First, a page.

Not more than a month later it stopped receiving again. I heard him on the phone with the dispatch and cringed when I heard him say that someone would be there that afternoon (Friday) and knew it would be me. He walked back into the tech bay and hung a note on the call board, "Kick the sh_t out of Xxxxxx Water Dept's base". I got paid overtime to drive 120 miles round trip to kick the living sh_t out of an inanimate object.
--
Kevin C. Kidd CSRE/AMD
WD4RAT
AM Ground Systems Company
http://www.amgroundsystems.com
KK Broadcast Engineering
http://www.kkbc.com

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kkiddkkidd
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Location: Lawrenceburg, TN

Re: DX50 air flow switch

Post by kkiddkkidd » Fri Apr 27, 2018 1:28 pm

sallen wrote:
Thu Apr 26, 2018 8:25 pm
The air switch is S7 on the A19 board if I remember right. Its in the very right cabinet/driver section. Any one have issues with the switch going out? Its some kind of whiz bang solid state device???? No paddle or real air preasure setting, that I could see. And its soldered on the A19 board.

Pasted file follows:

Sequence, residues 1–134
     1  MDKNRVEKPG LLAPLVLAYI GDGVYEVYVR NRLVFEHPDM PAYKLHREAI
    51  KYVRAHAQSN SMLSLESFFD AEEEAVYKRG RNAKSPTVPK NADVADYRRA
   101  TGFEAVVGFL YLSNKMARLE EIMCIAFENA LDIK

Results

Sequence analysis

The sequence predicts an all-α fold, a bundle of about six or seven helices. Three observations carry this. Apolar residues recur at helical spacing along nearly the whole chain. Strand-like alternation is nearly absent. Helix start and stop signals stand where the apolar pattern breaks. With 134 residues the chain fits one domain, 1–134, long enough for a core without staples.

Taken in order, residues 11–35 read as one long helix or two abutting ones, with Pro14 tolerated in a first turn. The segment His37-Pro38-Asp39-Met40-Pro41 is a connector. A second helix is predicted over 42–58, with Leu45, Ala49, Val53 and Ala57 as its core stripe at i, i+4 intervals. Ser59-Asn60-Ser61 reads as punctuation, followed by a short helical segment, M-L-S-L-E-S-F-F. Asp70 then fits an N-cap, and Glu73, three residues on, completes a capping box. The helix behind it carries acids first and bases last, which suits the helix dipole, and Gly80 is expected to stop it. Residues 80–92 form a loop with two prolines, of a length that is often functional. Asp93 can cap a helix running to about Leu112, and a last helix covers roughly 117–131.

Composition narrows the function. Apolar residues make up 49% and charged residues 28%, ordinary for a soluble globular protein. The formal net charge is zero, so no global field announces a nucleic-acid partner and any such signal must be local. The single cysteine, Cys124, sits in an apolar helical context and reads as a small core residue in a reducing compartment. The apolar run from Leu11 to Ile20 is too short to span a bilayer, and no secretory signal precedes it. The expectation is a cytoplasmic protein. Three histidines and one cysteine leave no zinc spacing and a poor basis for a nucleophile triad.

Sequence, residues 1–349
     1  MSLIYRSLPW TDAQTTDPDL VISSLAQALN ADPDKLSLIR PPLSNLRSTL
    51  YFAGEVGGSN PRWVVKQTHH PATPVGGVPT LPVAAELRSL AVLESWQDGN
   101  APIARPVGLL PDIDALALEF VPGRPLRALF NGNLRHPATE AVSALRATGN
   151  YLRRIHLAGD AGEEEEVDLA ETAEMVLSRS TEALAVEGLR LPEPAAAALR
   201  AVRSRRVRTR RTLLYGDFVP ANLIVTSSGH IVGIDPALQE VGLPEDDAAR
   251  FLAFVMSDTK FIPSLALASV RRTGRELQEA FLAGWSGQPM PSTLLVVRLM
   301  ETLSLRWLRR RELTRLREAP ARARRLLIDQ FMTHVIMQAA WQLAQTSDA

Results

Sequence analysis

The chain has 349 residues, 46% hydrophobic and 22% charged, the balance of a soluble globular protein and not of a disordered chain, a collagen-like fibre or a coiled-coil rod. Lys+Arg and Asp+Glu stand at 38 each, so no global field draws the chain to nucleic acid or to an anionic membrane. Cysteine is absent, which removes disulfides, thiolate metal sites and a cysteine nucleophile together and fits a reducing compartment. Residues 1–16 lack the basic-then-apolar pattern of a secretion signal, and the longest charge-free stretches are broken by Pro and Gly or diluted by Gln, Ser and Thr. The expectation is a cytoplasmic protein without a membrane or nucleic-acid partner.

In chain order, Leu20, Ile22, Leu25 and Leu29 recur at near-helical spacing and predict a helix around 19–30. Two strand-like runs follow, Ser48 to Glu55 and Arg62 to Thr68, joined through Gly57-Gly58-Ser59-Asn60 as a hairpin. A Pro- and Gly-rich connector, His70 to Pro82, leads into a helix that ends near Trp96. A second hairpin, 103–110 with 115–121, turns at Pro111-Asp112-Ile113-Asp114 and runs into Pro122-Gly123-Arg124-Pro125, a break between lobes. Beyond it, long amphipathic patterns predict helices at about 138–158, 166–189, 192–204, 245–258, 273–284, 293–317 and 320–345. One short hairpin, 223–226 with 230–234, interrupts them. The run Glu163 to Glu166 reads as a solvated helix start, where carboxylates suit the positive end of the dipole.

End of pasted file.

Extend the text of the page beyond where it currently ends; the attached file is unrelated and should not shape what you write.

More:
Any one have issues with the air switch on a DX50?
Harris has used some homemade sensors that were similar to the mass air flow sensors used in automobiles. Some (but I don't think all) of the Gates1 series had a board down in the bottom/back with (IIRC) a resistor and some type of temp measuring device (maybe a thermistor) that measured the amount of airflow by measuring the change in resistor temp as a function of air flow across the resistor. It actually was a pretty slick little circuit.

It had a pizo buzzer that would squeal it's little heart out if the flushing fan quit and IIRC was only mentioned in an addendum or service bulletin.
--
Kevin C. Kidd CSRE/AMD
WD4RAT
AM Ground Systems Company
http://www.amgroundsystems.com
KK Broadcast Engineering
http://www.kkbc.com

ncradioeng
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Re: DX50 air flow switch

Post by ncradioeng » Fri Apr 27, 2018 2:29 pm

It had a pizo buzzer that would squeal it's little heart out if the flushing fan quit and IIRC was only mentioned in an addendum or service bulletin.